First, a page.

Tuesday, April 10, 2007

Ethnic Mannequins of the Desert (Thesis Statements I)

As I've been doing the deeds for my graduate seminar on ethnic american theory and gender studies in film and literature, I've been thinking about the way "types" or "stereotypes" or "tropes" or "characters" emerge from the burning sands of the deserts of the american southwest, and I have some ideas. One is that over the past century or so, at least from the point of view of the dominant white culture, that abstract machine, the constitutive mechanism, the stuff that makes the desert story go, has changed a bit. One of the changes may be a kind of diffusion or infusion brought on by the processes of globalization, that thing that has both McDonald-ized world culture and brought interesting connections to the foreground.

Out of Japan, which Jean Baudrillard claims is "already a [cultural] satellite of Earth," comes an anime set in a desert that has many of the same processes in operation as any late 20-21st-century Sonoran desert story. Water is scarce, ruins are ancient, rocks are hot, sand is hot, outlaws roam freely, and most tellingly, the silence breaks in with wind and bright sun, forcing the wanderers to stop and wonder--if only to reload.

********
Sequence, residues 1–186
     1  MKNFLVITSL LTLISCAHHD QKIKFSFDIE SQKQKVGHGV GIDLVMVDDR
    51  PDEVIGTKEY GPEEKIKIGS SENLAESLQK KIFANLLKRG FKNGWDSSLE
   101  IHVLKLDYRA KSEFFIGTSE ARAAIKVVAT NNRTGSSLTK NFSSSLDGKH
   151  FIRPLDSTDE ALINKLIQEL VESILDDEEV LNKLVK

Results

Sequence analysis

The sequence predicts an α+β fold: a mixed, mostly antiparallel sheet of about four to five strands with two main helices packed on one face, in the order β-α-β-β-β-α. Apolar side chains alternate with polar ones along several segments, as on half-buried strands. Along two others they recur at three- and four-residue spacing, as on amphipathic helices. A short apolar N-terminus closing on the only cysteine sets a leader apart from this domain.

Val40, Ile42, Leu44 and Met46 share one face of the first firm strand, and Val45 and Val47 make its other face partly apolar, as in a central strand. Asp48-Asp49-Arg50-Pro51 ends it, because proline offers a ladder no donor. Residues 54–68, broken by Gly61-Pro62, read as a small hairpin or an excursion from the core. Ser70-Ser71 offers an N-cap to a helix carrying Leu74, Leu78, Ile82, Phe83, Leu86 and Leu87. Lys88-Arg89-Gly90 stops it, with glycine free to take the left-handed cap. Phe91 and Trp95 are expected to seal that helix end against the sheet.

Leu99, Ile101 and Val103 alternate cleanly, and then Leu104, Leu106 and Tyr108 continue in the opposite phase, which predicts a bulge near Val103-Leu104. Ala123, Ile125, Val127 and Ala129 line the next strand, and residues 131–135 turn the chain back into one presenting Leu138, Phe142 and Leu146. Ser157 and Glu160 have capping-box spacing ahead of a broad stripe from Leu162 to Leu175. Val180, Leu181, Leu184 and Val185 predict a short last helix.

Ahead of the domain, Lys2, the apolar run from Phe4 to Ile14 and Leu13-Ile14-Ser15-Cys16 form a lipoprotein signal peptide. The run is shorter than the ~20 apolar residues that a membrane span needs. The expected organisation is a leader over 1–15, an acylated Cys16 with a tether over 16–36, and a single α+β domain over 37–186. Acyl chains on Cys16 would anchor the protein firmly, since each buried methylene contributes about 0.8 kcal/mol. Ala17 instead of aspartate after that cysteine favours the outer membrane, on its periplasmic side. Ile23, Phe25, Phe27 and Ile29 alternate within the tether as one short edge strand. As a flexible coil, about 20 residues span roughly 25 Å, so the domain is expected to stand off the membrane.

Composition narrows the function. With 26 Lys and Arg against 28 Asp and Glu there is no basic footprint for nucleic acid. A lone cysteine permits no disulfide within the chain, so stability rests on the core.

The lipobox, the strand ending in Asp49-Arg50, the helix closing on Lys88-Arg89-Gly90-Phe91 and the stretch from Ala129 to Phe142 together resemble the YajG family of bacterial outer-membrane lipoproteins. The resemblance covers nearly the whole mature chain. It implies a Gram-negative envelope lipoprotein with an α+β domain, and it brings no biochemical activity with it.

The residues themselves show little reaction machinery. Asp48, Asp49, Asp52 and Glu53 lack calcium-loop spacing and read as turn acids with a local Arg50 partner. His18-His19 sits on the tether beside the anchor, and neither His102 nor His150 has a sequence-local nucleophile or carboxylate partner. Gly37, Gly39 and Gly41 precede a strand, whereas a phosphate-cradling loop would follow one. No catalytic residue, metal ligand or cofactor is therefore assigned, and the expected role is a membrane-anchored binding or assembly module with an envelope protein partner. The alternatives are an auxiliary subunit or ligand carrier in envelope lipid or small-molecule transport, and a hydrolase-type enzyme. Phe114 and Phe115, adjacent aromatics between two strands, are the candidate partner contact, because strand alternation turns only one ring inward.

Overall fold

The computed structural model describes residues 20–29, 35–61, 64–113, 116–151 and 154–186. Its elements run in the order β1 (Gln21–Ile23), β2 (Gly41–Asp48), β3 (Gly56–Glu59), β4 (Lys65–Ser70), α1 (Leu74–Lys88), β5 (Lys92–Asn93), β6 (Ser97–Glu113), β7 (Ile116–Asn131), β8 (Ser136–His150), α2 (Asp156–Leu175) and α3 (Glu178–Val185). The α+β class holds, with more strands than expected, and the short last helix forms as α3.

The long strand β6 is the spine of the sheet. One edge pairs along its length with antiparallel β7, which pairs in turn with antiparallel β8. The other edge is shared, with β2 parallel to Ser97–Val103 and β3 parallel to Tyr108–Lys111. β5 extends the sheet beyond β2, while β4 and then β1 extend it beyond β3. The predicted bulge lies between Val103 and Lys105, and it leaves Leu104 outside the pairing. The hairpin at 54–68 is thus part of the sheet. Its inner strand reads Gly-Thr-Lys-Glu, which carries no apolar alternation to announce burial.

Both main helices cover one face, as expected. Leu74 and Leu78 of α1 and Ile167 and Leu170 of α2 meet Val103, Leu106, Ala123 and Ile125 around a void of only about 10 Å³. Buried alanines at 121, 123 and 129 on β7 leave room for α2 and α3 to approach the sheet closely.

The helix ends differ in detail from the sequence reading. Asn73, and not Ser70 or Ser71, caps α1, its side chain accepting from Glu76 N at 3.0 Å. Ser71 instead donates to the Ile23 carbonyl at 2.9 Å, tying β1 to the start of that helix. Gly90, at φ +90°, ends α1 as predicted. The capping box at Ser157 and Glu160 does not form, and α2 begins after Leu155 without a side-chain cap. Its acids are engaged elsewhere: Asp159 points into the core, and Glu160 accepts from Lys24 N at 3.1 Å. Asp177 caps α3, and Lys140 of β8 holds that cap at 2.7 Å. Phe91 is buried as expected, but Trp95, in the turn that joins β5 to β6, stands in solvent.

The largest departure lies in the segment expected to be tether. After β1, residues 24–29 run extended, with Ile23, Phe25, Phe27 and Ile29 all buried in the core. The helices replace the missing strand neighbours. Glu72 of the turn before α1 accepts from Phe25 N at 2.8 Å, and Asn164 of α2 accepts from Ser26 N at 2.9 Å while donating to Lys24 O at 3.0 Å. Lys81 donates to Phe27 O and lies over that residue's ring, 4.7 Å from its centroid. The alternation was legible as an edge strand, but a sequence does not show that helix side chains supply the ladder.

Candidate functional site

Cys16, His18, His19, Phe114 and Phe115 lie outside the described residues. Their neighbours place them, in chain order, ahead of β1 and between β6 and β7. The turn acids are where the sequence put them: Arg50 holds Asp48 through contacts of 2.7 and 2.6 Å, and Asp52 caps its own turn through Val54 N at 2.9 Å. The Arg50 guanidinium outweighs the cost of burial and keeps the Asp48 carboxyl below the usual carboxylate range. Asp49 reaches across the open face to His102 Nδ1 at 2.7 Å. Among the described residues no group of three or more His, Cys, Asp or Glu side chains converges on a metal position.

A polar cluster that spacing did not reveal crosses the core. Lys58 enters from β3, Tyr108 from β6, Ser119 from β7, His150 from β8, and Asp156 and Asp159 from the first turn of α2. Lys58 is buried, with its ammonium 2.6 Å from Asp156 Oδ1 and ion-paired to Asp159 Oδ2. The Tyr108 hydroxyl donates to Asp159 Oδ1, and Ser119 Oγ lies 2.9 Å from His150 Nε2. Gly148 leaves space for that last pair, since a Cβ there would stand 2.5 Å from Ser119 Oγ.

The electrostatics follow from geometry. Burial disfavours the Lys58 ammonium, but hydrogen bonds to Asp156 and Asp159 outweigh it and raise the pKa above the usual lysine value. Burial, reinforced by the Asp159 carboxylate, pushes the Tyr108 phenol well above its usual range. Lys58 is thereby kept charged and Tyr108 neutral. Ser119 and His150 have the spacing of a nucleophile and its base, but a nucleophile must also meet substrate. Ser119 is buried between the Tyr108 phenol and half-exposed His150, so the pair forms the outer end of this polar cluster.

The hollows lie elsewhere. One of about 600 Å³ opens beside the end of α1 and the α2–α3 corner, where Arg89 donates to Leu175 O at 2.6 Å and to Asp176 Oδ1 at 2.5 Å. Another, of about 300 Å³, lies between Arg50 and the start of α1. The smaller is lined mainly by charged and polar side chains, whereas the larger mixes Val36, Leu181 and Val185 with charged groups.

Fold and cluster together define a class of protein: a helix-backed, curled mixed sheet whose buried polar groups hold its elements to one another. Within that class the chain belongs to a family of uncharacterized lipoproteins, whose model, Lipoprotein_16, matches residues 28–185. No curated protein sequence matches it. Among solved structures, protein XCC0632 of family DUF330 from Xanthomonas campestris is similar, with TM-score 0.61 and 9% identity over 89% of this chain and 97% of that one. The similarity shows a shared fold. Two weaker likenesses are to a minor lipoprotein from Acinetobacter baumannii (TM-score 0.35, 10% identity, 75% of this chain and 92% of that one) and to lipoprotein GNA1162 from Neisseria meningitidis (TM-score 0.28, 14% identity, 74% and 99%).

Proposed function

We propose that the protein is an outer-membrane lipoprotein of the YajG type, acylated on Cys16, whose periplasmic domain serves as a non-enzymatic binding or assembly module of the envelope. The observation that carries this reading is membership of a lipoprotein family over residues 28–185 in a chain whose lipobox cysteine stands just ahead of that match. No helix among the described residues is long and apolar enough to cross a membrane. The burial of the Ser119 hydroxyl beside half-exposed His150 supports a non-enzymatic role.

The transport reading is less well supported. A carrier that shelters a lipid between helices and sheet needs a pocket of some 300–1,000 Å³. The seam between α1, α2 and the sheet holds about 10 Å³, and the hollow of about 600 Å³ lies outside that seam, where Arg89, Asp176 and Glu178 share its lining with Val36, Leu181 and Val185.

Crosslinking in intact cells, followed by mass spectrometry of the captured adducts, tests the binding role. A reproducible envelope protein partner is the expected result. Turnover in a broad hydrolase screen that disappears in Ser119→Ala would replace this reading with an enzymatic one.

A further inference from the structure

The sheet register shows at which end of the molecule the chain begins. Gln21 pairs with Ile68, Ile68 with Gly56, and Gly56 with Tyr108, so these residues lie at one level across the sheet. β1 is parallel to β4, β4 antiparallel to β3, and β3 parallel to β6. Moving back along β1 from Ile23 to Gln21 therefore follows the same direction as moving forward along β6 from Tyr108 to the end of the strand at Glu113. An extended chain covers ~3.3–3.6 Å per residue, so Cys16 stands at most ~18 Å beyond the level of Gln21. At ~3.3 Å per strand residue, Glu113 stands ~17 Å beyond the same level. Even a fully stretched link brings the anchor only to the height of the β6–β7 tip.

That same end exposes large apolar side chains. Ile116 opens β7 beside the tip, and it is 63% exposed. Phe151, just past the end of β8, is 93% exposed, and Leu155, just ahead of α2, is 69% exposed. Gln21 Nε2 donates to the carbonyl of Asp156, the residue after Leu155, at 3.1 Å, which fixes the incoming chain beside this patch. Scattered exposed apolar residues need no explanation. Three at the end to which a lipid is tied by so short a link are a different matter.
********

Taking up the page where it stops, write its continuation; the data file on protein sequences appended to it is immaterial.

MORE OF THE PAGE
Desert Punk is otherworldly not because the characters are from another planet, but because the tropospherics are pasted onto animated ethnic mannequins that are stereotypes from an otherworldly cultural space: a Baja 500 on Mt Fuji, a Hiroshimic Sierra Madre with borderland bandidos sporting Dune-type stillsuits and conical sun hats.

The Sonoran/Coloradan Desert has gone global, generating the silences, stillnesses, and liminal spaces from which sprout the stuff that usually sprouts in the wilderness.
Baudrillard quoted from "Utopia Achieved", which I make my poor RWS 200 students read in Ways of Reading: An Anthology for Writers, 6th ed. (ed. by Bartholomae and Petrovsky), pg. 110. You may download Desert Punk on iTunes or get some dvds, or watch it on the SciFi channel, I hear.